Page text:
According to a recent permit filing, Sophon will soon open its doors in the Phinney Ridge area, located at 7314 Greenwood Ave N Lower.
A representative of Sophon was not immediately available for commentary upon What Now Seattle’s request.
According to Sophon’s Instagram biography section, their opening date is slated to be January 5th, 2024.
Sophon will be “an homage of gratitude for Khmer cuisine.” Through the vessel that has been the community-driven craft cocktail bar, Oliver’s Twist, a new chapter will unfold with the inception of Sophon, a brick-and-mortar embodiment of a Covid-influenced Cambodian pop-up.
The founders hailed from first-generation Cambodians to immigrant parents who fled the devastation of the Khmer Rouge. Growing up in diverse locations like Seattle, Atlanta, Chicago, Lowell, and Long Beach, CA, the founders faced the challenges of assimilating into Western culture while navigating impoverished neighborhoods in the late 80s and 90s.
Amidst these struggles, home became a sanctuary, a place to refocus and ground themselves. The Long family, headed by a nurturing mother, created a haven where everyone, regardless of circumstances, was left well-nourished and comforted through the language of food.
The family matriarch, known to many as Kimberly (born Sophon), shared her love for Khmer cuisine with her children. Having escaped the horrors of the Khmer Rouge as a refugee with humble roots, she showcased resilience and resourcefulness in adapting to a new life in the U.S. Kimberly’s kitchen became a classroom, where her children not only learned to cook Khmer food but also imbibed valuable life lessons.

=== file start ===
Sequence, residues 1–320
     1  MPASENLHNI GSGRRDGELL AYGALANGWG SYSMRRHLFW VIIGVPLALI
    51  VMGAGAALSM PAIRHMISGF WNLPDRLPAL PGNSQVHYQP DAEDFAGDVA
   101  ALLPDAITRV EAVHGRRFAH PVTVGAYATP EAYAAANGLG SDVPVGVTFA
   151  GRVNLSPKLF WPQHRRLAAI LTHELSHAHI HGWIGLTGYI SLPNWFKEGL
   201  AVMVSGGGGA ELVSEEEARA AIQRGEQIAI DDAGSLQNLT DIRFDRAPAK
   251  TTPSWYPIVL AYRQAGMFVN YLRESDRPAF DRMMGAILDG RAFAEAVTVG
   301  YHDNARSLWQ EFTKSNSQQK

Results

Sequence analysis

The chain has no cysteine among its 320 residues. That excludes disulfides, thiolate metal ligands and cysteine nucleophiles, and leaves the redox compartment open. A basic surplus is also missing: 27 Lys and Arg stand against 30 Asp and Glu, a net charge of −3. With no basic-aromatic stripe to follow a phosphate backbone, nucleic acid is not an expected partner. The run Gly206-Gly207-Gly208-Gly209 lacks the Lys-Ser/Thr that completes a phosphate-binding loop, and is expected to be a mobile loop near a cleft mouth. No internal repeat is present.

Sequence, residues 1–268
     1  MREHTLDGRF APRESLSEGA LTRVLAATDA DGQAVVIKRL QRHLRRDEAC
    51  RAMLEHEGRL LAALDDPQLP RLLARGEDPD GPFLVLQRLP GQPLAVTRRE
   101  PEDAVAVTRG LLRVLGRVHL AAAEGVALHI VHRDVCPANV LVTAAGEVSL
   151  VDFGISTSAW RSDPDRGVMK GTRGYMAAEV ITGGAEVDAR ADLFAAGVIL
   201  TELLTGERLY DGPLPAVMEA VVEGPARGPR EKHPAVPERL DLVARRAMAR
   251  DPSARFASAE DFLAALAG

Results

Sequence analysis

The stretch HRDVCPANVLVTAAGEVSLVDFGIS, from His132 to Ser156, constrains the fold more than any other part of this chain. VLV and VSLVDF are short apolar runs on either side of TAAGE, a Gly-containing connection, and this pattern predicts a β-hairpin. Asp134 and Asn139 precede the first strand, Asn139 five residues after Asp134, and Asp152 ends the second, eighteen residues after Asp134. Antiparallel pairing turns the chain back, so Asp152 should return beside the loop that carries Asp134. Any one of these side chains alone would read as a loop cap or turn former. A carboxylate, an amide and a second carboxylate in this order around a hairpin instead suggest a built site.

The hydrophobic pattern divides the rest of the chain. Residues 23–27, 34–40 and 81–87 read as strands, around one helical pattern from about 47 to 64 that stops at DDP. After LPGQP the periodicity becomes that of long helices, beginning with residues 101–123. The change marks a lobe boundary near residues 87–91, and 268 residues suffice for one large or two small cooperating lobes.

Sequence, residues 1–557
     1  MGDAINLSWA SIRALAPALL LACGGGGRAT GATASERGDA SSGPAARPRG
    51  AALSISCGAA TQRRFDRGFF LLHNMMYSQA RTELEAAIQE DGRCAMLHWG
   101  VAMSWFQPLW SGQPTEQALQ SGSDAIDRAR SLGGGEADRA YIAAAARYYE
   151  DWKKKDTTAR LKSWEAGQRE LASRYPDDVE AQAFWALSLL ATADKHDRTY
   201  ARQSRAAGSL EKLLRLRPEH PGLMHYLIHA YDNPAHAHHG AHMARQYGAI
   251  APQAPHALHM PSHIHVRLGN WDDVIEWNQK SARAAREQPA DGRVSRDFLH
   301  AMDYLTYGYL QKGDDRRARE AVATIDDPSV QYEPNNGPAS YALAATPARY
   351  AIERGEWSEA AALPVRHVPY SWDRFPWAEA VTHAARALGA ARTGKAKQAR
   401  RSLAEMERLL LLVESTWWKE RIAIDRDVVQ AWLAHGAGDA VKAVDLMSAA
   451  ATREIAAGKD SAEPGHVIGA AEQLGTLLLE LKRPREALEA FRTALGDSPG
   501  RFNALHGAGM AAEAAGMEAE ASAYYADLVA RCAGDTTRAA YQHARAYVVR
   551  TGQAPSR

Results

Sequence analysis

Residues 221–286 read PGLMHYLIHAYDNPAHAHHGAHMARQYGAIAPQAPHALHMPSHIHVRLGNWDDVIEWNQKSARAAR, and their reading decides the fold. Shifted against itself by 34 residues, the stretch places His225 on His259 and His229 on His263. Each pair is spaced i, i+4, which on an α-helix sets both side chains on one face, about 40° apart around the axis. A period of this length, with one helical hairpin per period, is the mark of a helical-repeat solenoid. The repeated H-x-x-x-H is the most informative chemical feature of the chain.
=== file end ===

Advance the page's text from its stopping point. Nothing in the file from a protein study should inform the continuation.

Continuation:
Prep work, once perceived as a chore, evolved into cherished moments where conversations, jokes, and anecdotes were shared among siblings. Kimberly, the eldest sibling herself, transferred skills learned in her youth in Cambodia to contribute to her family. Her modest garden, boasting over 15 varieties of Southeast Asian vegetables, herbs, and fruits, became a classroom in itself, emphasizing the importance of fresh, farm-to-table ingredients.
Beyond the culinary skills passed down through generations, Kimberly instilled a deep appreciation for food and a poignant understanding that it should never be wasted. The family’s journey from the struggles of 1975-1979 to rebuilding after the fall of the Khmer Rouge reinforced the notion that food is a precious gift, one that should be treasured in honor of ancestors who endured starvation. Through Sophon, the founders aim to share this rich heritage, weaving a narrative of resilience, cultural pride, and the enduring gift of Cambodian cuisine, the company website and pledge campaign stated.
Update: The title has been edited to reflect the accuracy of the background to Sophon.